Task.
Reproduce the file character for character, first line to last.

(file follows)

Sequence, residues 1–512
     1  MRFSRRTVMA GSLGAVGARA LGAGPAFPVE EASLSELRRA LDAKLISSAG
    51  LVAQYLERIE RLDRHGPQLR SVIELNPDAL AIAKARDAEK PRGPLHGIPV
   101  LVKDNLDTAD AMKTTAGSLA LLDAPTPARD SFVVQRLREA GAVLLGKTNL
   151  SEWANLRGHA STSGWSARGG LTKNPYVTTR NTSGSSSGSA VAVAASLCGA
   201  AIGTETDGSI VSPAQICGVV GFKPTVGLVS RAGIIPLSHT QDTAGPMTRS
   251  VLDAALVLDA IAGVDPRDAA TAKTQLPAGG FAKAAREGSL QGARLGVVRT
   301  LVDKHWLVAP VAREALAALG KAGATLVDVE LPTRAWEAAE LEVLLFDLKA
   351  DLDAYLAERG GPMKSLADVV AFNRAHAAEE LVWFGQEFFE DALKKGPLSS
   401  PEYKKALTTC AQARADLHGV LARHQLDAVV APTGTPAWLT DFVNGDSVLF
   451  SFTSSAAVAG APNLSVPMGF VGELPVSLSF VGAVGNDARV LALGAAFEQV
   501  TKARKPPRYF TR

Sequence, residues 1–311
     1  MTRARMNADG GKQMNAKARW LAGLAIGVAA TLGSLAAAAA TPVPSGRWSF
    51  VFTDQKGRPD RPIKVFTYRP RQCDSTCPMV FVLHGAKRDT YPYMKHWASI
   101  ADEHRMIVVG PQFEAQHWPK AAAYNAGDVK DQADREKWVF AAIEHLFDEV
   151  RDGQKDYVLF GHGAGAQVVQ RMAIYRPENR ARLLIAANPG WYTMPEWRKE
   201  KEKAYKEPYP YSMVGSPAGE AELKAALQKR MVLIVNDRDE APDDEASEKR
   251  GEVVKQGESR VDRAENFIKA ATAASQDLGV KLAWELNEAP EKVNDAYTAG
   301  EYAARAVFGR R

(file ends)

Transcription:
Sequence, residues 1–512
     1  MRFSRRTVMA GSLGAVGARA LGAGPAFPVE EASLSELRRA LDAKLISSAG
    51  LVAQYLERIE RLDRHGPQLR SVIELNPDAL AIAKARDAEK PRGPLHGIPV
   101  LVKDNLDTAD AMKTTAGSLA LLDAPTPARD SFVVQRLREA GAVLLGKTNL
   151  SEWANLRGHA STSGWSARGG LTKNPYVTTR NTSGSSSGSA VAVAASLCGA
   201  AIGTETDGSI VSPAQICGVV GFKPTVGLVS RAGIIPLSHT QDTAGPMTRS
   251  VLDAALVLDA IAGVDPRDAA TAKTQLPAGG FAKAAREGSL QGARLGVVRT
   301  LVDKHWLVAP VAREALAALG KAGATLVDVE LPTRAWEAAE LEVLLFDLKA
   351  DLDAYLAERG GPMKSLADVV AFNRAHAAEE LVWFGQEFFE DALKKGPLSS
   401  PEYKKALTTC AQARADLHGV LARHQLDAVV APTGTPAWLT DFVNGDSVLF
   451  SFTSSAAVAG APNLSVPMGF VGELPVSLSF VGAVGNDARV LALGAAFEQV
   501  TKARKPPRYF TR

Sequence, residues 1–311
     1  MTRARMNADG GKQMNAKARW LAGLAIGVAA TLGSLAAAAA TPVPSGRWSF
    51  VFTDQKGRPD RPIKVFTYRP RQCDSTCPMV FVLHGAKRDT YPYMKHWASI
   101  ADEHRMIVVG PQFEAQHWPK AAAYNAGDVK DQADREKWVF AAIEHLFDEV
   151  RDGQKDYVLF GHGAGAQVVQ RMAIYRPENR ARLLIAANPG WYTMPEWRKE
   201  KEKAYKEPYP YSMVGSPAGE AELKAALQKR MVLIVNDRDE APDDEASEKR
   251  GEVVKQGESR VDRAENFIKA ATAASQDLGV KLAWELNEAP EKVNDAYTAG
   301  EYAARAVFGR R